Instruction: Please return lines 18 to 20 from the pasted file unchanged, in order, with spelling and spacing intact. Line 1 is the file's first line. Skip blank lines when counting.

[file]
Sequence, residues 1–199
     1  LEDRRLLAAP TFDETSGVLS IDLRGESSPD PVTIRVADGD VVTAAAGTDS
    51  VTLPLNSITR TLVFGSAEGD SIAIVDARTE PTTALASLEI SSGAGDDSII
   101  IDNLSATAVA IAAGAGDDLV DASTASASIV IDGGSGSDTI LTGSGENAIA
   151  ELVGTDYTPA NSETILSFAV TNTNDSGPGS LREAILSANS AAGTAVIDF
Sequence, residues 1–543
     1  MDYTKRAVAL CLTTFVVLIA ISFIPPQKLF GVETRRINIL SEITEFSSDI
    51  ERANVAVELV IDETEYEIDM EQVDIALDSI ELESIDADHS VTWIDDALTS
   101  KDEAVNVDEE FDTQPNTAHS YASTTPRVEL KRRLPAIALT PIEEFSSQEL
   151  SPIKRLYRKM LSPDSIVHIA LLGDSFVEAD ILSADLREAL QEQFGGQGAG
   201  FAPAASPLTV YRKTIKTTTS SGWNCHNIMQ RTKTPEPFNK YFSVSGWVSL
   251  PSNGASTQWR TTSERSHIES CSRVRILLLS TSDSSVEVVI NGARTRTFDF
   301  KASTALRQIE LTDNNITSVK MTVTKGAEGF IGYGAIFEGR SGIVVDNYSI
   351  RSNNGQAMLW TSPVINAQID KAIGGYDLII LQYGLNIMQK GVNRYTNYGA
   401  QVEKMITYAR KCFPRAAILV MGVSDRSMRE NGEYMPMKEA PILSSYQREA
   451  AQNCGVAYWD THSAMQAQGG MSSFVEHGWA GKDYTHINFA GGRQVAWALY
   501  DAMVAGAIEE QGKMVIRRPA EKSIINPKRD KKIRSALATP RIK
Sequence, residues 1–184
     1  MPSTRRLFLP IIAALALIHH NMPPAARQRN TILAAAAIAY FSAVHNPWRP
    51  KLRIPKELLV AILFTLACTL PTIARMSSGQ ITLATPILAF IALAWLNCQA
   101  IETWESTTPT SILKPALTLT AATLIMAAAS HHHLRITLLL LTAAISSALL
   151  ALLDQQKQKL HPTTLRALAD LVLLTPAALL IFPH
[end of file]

Sequence, residues 1–184
     1  MPSTRRLFLP IIAALALIHH NMPPAARQRN TILAAAAIAY FSAVHNPWRP
    51  KLRIPKELLV AILFTLACTL PTIARMSSGQ ITLATPILAF IALAWLNCQA